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With waved molded borders on reeded legs, formerly with candlearms
63¾ in. (162 cm.) high, 37½ in. (95 cm.) wide, 29 in. (73.5 cm.) deep

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Casey Rogers
Casey Rogers

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Lot Essay

Fashionable for bed or dressing rooms, Lord Mongomerie ordered several cheval glasses from Gillows in 1807 for Coilsfield House, Ayrshire (see S. E. Stuart, Gillows of Lancaster and London 1730-1840, 2008, vol. II, p. 88, pl. 634). The firm also delivered several examples to Wilbraham Egerton for Dressing-Rooms at Tatton Park, invoiced in 1811-12 as 'a Handsome Cheval Dressing Glass in Mahogany frame, with turned Reeded stiles and a pair of brass Candel branches; on reeded claws and brass sockett Castors, plate 34 x 22 12 Gs 13.2.6' (N. Goodison and J. Hardy, 'Gillows at Tatton Park', Furniture History, vol. VI, 1970, p. 13, plate 17B). The most expensive element in such mirrors was the silvered glass itself, and the offered example is of particularly broad proportions.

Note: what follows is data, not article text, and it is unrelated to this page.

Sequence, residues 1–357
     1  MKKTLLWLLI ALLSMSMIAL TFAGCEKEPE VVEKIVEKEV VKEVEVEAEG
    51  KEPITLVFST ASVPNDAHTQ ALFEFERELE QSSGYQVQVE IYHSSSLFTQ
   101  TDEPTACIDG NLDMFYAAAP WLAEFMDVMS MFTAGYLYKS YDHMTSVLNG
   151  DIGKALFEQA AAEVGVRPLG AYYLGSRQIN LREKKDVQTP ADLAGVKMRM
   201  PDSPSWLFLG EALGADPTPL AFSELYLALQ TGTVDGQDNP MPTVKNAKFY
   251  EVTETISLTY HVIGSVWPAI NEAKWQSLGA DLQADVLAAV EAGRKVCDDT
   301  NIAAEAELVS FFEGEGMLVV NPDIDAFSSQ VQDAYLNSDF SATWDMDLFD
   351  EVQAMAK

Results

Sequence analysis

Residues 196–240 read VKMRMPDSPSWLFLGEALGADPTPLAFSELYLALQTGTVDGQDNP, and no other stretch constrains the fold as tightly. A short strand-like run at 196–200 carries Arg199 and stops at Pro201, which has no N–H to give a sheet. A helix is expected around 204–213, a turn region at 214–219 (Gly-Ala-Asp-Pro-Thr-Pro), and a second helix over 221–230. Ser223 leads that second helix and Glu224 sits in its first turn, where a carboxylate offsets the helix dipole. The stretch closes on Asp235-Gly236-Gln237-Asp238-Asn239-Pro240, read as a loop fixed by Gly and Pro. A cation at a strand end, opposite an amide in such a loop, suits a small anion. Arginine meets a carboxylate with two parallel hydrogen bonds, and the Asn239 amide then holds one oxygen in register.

A pair of identical cheval mirrors (with adjustable candlearms or brass branches and rods) from the Fenwick family, was sold Christie's, London, 6 July 2000, lot 98.

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